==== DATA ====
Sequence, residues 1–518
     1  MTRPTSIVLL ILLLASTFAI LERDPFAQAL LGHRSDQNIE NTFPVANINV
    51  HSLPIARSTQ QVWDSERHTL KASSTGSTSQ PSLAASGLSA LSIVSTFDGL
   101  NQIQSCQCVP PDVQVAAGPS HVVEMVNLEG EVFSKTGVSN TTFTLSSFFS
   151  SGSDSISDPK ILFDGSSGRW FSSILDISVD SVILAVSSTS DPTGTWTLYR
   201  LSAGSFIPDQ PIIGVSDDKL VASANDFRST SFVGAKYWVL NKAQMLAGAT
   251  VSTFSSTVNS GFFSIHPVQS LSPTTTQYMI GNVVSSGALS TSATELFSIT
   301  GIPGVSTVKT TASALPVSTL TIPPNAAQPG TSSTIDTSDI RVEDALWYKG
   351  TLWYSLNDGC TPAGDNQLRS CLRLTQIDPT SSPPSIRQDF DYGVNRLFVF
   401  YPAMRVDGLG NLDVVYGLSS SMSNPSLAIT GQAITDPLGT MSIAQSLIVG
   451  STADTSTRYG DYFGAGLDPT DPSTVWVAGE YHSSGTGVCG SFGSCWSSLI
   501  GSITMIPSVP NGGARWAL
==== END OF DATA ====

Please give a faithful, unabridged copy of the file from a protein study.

Sequence, residues 1–518
     1  MTRPTSIVLL ILLLASTFAI LERDPFAQAL LGHRSDQNIE NTFPVANINV
    51  HSLPIARSTQ QVWDSERHTL KASSTGSTSQ PSLAASGLSA LSIVSTFDGL
   101  NQIQSCQCVP PDVQVAAGPS HVVEMVNLEG EVFSKTGVSN TTFTLSSFFS
   151  SGSDSISDPK ILFDGSSGRW FSSILDISVD SVILAVSSTS DPTGTWTLYR
   201  LSAGSFIPDQ PIIGVSDDKL VASANDFRST SFVGAKYWVL NKAQMLAGAT
   251  VSTFSSTVNS GFFSIHPVQS LSPTTTQYMI GNVVSSGALS TSATELFSIT
   301  GIPGVSTVKT TASALPVSTL TIPPNAAQPG TSSTIDTSDI RVEDALWYKG
   351  TLWYSLNDGC TPAGDNQLRS CLRLTQIDPT SSPPSIRQDF DYGVNRLFVF
   401  YPAMRVDGLG NLDVVYGLSS SMSNPSLAIT GQAITDPLGT MSIAQSLIVG
   451  STADTSTRYG DYFGAGLDPT DPSTVWVAGE YHSSGTGVCG SFGSCWSSLI
   501  GSITMIPSVP NGGARWAL